Wednesday, February 18, 2015

Kitchen Scale

I had a $50 gift card to Williams-Sonoma and for a few weeks I agonized over what to purchase with it (okay, I'm exaggerating a little ... I didn't really agonize over it). Well, this past weekend it occurred to me that something I could use is a kitchen scale.

Sometimes when I'm baking I find that a scale would be a handy tool. For example, I made warm chocolate puddings for Valentine's Day and needed 4 ounces of semisweet or bittersweet chocolate. I had a bag of bittersweet chocolate chips, partially used. Do you know how it can be hard to measure things like chocolate chips in ounces using a measuring cup? Well, now it's easy and accurate with my new scale!

The one I chose is this electronic model by Salter for Williams-Sonoma. I like it for its small size (easy to store) and touchless tare feature. Simply place a bowl on the scale, wave your hand over the right side of the scale to zero it out, then add the ingredient you want to measure until it reaches the correct weight. You can also use this feature to add more ingredients to the same bowl and weigh up each ingredient's precise amount.

My husband made me laugh ... he said now he won't be able to steal a few chips from the bowl and go undetected. Very true! 

So tell me, do you use a kitchen scale when cooking?


  1. I just saw Ina Garten using that scale last week. Ours was lost in the move, I need to replace as I needed a scale over the holidays. I think yours may be the best one out there. Happy baking!

  2. An awesome buy! I've been baking with a scale since the dawn of time, having grown up in a German household. Everything that is not liquid gets weighed, so there is no guess work about how firmly packed brown sugar should be, for instance.

    I admit to using a mish-mash of both imperial and metric measures, such as weighing in grams and measuring by cups, because most North American recipes are still written in imperial measures.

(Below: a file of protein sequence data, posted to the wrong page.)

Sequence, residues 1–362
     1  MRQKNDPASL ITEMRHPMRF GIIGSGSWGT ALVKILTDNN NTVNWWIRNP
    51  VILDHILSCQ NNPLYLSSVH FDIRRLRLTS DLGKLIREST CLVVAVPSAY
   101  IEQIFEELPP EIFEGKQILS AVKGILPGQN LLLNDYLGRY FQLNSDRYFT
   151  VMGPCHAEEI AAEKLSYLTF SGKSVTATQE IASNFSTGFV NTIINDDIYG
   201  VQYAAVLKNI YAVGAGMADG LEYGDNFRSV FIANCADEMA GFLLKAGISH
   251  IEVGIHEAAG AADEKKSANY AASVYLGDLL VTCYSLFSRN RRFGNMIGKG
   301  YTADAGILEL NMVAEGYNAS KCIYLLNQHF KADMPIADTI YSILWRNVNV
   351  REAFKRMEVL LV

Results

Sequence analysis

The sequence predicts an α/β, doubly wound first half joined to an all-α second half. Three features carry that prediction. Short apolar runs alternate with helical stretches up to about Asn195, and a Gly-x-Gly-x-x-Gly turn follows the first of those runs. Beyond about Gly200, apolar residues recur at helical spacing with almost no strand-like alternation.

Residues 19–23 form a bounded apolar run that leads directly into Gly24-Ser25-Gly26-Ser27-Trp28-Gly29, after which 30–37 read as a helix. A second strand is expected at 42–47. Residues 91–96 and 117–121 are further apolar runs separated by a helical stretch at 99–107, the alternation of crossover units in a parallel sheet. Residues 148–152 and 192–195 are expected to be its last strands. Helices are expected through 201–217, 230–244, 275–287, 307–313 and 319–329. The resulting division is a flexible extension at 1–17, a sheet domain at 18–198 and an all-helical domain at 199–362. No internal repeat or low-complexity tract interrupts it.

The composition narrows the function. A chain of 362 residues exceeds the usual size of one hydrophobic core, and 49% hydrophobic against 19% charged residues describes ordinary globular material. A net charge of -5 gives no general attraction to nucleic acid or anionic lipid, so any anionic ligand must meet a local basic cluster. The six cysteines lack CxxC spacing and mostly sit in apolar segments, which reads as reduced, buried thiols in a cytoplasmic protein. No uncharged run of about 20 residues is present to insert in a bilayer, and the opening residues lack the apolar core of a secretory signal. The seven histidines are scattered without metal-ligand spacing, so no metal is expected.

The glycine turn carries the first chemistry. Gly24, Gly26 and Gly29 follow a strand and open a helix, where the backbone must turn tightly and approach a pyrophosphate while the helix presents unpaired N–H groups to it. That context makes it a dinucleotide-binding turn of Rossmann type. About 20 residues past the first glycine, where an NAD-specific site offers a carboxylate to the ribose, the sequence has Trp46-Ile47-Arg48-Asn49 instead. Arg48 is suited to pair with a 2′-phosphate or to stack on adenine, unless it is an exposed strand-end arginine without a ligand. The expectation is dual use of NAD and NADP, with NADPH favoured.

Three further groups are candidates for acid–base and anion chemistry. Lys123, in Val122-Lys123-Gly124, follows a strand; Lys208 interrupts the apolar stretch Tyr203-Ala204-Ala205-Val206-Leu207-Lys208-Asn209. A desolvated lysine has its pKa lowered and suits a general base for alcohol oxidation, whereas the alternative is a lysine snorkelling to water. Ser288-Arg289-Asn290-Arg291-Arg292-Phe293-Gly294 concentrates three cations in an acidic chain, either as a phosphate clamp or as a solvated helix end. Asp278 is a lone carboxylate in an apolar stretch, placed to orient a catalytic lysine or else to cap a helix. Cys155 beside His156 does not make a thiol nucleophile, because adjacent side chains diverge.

I went and checked your Martha recipe, and had I come across it, I would have scratched my head at the 4 oz. measure, wondering if it's a wet or dry measure? That's what drives me nuts about ounces! Had it said 113 grams, we wouldn't have this issue. It's not a question of imperial versus metric, but one of standardization (and in baking, the ever important repeatability!) We have a long way to go in North America.

    When baking, I always (always!) use my scale to measure butter in grams, because I find this to be the most precise unit of measure. I'm not as picky about my dry measures, and tend to simply use my measuring cups out of force of habit, unless I'm baking a European recipe that calls for grams. Then solids get weighed in grams and liquids get measured in mL. I cannot stress how much simpler it is!

    The Joy of Baking channel on YouTube has an awesome video explaining weight versus volume and why we should be using our kitchen scale more often:

    Enjoy your new scale. I have a feeling you're going to be using it more and more!

  3. Thanks for your comments, ladies! I'll check out that YouTube video, Ann.

    I have to tell you that the warm chocolate puddings didn't turn out very well. Not sure why. They were some better the second night after heating in the microwave and topping with some vanilla ice cream, though.

  4. I've been meaning to pick one of these up forever! I am an avid bread baker and most of the bread people share recipes by weight

  5. I love my kitchen scale. Use it lots, especially for English recipes which are all in grams. And also great for calorie tracking which I'm doing now, in a fruitless effort to lose a pound or two. Xo Terri


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